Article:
• Fluoroscopy: A large X-ray machine will be positioned above you to help the doctors see the catheters during the procedure.
  • Intracardiac ultrasound: Performed by a catheter inserted into the heart. Intracardiac ultrasound is used throughout the procedure to view the structures of the heart and the catheter when it is in contact with the heart lining.

How does the doctor insert the catheters?

After you become drowsy, the doctor will numb the catheter insertion site(s) by injecting a medication. The doctor will insert several catheters through a small incision into a large blood vessel (in your groin, neck or arm, depending on the type of ablation procedure being performed). It may be necessary to use both an artery and a vein. A transducer is inserted through one of the catheters so intracardiac (inside your heart) ultrasound can be performed during the procedure. The ultrasound allows the doctor to view the structures of the heart.

The catheters are passed through the blood vessels to your heart. After the catheters are in place, the doctor looks at a monitor to check your heart’s conduction system. The doctor then uses a pacemaker-like device to send electrical impulses to the heart to increase the heart rate.

If your arrhythmia occurs during the procedure, you’ll be asked to describe the symptoms you feel.

The doctor uses the catheters to locate the area or areas where the arrhythmia is originating. Once the area is located, energy is applied through the catheter to stop the abnormal impulses.

Once the ablation is complete, the electrophysiologist uses monitoring devices to observe the electrical signals in the heart to ensure that the abnormal rhythm was corrected.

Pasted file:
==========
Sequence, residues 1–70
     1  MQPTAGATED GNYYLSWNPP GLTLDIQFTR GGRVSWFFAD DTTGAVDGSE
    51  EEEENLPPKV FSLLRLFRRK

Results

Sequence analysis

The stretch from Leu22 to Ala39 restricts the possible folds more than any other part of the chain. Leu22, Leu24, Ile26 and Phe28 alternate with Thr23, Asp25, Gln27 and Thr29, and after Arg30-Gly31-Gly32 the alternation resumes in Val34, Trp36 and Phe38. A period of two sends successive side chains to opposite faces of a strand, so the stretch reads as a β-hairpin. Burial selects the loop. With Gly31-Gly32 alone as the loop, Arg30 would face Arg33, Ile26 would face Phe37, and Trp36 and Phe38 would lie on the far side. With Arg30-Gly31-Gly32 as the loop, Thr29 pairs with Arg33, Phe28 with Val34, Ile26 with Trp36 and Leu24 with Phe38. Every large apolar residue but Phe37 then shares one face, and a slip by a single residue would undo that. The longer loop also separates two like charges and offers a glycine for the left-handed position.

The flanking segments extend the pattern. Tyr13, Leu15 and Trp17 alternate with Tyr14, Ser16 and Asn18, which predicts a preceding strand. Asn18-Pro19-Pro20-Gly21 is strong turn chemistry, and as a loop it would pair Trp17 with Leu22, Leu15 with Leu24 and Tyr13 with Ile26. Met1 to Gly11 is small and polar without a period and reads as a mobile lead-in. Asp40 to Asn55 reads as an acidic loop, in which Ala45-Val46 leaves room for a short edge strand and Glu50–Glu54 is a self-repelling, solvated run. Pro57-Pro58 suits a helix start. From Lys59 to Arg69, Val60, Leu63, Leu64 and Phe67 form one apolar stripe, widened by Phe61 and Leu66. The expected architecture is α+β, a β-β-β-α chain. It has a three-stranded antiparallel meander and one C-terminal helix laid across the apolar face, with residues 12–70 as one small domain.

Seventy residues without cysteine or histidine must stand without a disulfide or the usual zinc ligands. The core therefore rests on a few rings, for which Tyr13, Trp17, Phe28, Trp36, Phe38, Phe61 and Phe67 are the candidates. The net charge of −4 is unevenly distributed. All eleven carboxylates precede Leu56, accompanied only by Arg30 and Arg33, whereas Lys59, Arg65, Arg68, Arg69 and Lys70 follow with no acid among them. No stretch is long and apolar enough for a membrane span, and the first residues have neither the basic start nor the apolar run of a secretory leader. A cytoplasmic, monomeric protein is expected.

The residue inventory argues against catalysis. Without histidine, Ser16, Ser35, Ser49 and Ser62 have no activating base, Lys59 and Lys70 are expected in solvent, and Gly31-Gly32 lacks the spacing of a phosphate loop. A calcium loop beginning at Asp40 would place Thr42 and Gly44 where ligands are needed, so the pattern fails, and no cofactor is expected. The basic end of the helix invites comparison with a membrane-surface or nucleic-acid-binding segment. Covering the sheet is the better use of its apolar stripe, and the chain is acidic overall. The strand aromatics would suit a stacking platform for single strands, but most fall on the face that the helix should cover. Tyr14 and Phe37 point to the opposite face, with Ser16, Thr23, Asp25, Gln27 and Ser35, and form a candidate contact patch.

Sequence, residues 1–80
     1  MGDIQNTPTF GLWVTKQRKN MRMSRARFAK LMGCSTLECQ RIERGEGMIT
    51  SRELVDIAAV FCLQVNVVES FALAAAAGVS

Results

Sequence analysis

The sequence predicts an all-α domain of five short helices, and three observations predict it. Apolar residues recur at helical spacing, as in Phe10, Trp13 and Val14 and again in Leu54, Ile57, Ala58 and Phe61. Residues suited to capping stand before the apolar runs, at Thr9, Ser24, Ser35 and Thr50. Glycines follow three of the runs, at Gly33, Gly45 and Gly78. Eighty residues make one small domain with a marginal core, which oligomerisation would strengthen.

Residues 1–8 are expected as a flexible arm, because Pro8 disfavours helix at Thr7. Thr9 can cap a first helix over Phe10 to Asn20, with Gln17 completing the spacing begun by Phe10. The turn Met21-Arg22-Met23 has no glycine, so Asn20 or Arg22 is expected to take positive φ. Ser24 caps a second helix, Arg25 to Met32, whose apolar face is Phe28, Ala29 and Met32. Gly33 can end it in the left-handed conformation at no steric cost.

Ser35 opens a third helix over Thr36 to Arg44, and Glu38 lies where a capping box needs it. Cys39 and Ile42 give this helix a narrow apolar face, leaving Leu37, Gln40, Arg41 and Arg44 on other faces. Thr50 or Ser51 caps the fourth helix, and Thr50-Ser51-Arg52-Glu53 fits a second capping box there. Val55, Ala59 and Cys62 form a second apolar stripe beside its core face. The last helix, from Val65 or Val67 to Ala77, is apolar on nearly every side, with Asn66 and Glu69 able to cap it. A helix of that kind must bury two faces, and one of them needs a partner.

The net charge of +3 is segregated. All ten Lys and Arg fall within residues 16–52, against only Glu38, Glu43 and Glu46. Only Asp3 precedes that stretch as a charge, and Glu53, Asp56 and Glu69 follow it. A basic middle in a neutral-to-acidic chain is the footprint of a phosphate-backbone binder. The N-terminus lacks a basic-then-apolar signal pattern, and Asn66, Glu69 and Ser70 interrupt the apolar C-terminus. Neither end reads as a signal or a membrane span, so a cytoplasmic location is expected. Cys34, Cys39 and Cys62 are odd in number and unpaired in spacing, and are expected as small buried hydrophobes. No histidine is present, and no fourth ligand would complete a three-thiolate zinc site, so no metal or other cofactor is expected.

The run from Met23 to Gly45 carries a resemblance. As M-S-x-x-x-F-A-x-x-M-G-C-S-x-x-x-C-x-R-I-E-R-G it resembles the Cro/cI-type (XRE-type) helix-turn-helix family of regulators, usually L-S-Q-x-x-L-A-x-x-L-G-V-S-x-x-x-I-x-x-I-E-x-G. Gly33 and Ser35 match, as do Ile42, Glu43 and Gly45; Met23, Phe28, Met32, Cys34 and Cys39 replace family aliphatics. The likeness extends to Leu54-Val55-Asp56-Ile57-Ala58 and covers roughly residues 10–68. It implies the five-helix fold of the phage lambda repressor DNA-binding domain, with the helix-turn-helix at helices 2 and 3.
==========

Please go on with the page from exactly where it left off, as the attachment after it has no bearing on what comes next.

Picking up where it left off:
What will I feel?

You will feel a burning sensation when the doctor injects medication in the catheter insertion site. You may feel your heart beating faster or stronger when the doctor uses the pacemaker device to increase your heart rate, and you may feel some discomfort or a burning sensation when the energy is applied.

It is important to remain quiet, keep very still and avoid taking deep breaths. If you feel pain, ask your doctor or nurse to give you more medication.

During the procedure, you will be asked to report any symptoms, answer questions or follow instructions given by your doctor.

How long does the procedure last?

The procedure may last 4 to 8 hours.

After the Procedure

  • You may stay in the hospital overnight.
  • Your doctor and nurse will talk to you about your procedure results, medications, homegoing instructions and follow-up schedule.
  • If you have any questions, please ask.

What should I expect after the procedure?

The doctor will remove the catheters and apply pressure to the insertion site to prevent bleeding. You will need to stay in bed 1 to 6 hours after the procedure to prevent bleeding. You'll need to keep your legs still during this time.

No stitches are needed. A small sterile dressing (bandage) will cover the insertion site. Keep this area clean and dry. Tell your doctor or nurse right away if you have redness, swelling or drainage at the procedure site. You can remove the bandage after you go home.

During your recovery, you will be placed on a telemetry monitor, which lets the nurses watch your heart rate and rhythm. Telemetry consists of a small box connected by wires to your chest with sticky electrode patches. The box displays your heart rhythm on several monitors in the nursing unit.

Will I have to stay in the hospital?

Your doctor will determine if you need to stay overnight in the hospital. Some patients are sent home the same day, while others stay overnight in the hospital after the procedure.

When will I find out the results?

After the procedure, the doctor will discuss the results of the procedure with you and your family.

NOTE: This information is about procedures and may include instructions specific to Cleveland Clinic. Please consult your physician for information pertaining to your specific procedure.

Last reviewed by a Cleveland Clinic medical professional on 04/29/2019.